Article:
hormone levels

  1. Jane Fonda's secret helper

    Actress backs testosterone -- for women

    I wouldn't be caught dead reading Jane Fonda's new book -- but it sounds like she's ripped a page or two right out of mine.

    Hanoi Jane has been making headlines for admitting that the wild septuagenarian sex she's been bragging about was actually fueled by testosterone supplements.

    And now, she's urging other senior women to load up on the hormone to boost their own libidos.

    I didn't generate nearly as many headlines when I began advocating testosterone supplementation for women -- in some situations -- years ago. (Then again, I've never been caught palling around with the Vietcong, either.)

    But while Fonda might be on the right track here, her story only highlights the dangers of taking medical advice from Hollywood know-it-alls -- because she has a vastly oversimplified view of the hormone.

    She even admits she had to stop taking the supplements after battling serious acne problems -- a sure sign she was taking way too much. Women who load up on testosterone willy-nilly might also find themselves growing mustaches and chest hair.

    Neither of those will do much for your sex life.

    But let's forget sex for a moment here, because women need testosterone for something so much more important -- and here's where Fonda misses the point completely.

    Testosterone is crucial to blood flow, and women who don't have enough face a higher risk of heart attack and stroke. This hormone can even help beat two of the conditions women fear most: osteoporosis and breast cancer.

    So yes, you need your testosterone, ladies -- but don't try getting this on your own. Seek out an experienced naturopathic physician who can measure your hormone levels. You want to be somewhere between 50 nanograms per cc and 100 (men, on the other hand, need 10 times as much).

    A good doc will also bring you back in for regular measurements while supplementation is under way to help ensure you don't experience Fonda's acne -- or chest and facial hair.

    Your husband will thank you for that last bit.

  2. A guaranteed turn-off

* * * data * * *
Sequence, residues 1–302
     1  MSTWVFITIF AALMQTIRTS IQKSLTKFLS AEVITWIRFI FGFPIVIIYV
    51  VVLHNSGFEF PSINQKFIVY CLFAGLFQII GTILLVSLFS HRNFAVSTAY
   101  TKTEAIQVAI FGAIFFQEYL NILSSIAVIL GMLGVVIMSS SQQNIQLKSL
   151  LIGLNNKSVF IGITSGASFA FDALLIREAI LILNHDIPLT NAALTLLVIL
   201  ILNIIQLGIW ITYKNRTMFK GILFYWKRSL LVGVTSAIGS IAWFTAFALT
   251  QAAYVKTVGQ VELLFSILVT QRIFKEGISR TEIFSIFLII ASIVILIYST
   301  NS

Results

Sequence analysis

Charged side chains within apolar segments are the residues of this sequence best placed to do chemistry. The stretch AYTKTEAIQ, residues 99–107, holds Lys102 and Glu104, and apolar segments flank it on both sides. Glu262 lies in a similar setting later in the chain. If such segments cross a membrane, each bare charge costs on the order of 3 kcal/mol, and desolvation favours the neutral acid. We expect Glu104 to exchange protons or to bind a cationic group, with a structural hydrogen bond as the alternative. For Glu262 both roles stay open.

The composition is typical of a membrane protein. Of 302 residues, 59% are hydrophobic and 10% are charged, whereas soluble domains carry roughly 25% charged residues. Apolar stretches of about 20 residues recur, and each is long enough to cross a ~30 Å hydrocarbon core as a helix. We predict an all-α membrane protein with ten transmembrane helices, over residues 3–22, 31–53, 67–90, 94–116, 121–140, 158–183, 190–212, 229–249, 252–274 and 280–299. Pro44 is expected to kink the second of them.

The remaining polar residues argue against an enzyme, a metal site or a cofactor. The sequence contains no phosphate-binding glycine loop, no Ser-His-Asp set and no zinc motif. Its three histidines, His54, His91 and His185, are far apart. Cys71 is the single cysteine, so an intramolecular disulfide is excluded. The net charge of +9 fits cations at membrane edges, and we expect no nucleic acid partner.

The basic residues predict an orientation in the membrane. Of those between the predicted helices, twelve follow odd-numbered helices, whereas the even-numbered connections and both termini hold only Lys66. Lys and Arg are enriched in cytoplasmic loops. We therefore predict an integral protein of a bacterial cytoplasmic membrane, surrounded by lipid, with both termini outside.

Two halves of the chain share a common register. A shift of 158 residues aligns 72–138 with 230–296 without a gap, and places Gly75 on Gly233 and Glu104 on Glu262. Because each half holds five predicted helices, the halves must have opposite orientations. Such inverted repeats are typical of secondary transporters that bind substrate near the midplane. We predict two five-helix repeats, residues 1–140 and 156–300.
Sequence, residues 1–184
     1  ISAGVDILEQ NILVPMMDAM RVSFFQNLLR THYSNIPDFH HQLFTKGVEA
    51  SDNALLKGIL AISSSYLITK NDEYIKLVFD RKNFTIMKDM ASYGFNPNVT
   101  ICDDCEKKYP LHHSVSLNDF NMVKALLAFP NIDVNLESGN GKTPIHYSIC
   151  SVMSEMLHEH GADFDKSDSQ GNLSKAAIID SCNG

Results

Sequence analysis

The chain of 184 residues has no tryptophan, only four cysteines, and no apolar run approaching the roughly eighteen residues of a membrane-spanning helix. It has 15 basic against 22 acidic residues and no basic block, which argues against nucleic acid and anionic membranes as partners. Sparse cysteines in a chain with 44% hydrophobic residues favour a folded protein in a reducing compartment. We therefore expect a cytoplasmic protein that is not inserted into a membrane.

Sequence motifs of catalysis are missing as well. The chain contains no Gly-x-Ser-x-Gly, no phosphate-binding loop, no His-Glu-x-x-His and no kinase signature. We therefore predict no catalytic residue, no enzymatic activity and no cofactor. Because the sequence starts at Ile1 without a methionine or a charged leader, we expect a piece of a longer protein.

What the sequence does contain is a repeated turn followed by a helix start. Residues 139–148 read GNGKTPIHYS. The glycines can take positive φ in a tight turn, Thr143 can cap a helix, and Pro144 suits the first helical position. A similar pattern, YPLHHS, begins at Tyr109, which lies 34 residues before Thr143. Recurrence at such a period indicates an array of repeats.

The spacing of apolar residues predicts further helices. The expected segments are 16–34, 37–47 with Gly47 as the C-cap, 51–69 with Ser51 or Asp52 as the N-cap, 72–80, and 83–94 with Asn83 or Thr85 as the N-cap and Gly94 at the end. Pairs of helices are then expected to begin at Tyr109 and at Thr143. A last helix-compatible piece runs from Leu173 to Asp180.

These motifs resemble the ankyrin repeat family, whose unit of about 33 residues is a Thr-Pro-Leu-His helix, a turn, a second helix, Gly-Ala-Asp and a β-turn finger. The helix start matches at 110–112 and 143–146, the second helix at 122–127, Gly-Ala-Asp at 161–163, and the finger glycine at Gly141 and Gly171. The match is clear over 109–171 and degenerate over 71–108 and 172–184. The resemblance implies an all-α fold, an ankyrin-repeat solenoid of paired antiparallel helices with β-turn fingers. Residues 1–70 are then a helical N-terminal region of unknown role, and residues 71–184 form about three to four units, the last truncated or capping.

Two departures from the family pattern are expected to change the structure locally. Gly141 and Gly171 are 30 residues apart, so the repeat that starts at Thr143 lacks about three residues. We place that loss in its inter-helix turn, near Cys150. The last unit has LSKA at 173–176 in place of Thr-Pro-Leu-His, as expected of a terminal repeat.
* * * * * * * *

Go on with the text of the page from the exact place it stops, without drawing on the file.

Is this chemical ruining your sex appeal?

    Women want manly men -- and they can spot a sissy even if he's not waving a rainbow flag. All he needs is some extra estrogen.

    The ladies can practically smell this feminizing hormone a mile away -- and believe me, it doesn't smell like Old Spice.

    Researchers have uncovered evidence that men who have been exposed to one of today's leading sources of estrogen, the BPA used in plastic containers and can linings, are literally repulsive to women.

    Researchers raised two sets of mice: One born to mothers exposed to BPA during pregnancy, and one born to mothers that were not. When the mice matured, researchers repeatedly placed one from each group together in a cage with a single female to see which one she'd pick.

    Needless to say, she wanted nothing to do with the BPA sissy.

    In fact, these mice were more than twice as likely to get flat-out rejected by females despite the fact that they looked just like the other mice and even had the same hormone levels.

    Somehow, the females KNEW they were different -- and I'm guessing all the Old Spice in the world wouldn't be able to cover it up.

    In another experiment, mice born to BPA-fed moms had trouble finding their way out of a maze -- a test that uses the same instincts mice need when they seek out a breeding partner. It's like the sexual compass had been thrown out of whack.

    You know what's really amazing here? These mice weren't exposed to BPA after birth -- only in the womb.

    If that little bit was enough to make a lifelong difference, imagine the impact of constant BPA exposure from conception to the grave.

    Better yet, don't imagine -- just look at the research: Studies have found that BPA exposure can lead to serious reproductive problems in men and women alike, not to mention a host of other conditions ranging from obesity to heart disease.

    The only way to protect yourself and your family is to skip this stuff in all its forms, starting today.

  3. New study misses the point on eating

    Here's one from the Department of Useless Research: People who eat fast, eat more.
  4. Hormones, hot sauce, and hot lead flyin'

    According to a recent New York Times article, some new research suggests that the mere handling of firearms triggers aggression in men. A group of psychologists from Knox College in Illinois enrolled 30 male students in a study that these subjects were told was designed to measure taste sensitivity…

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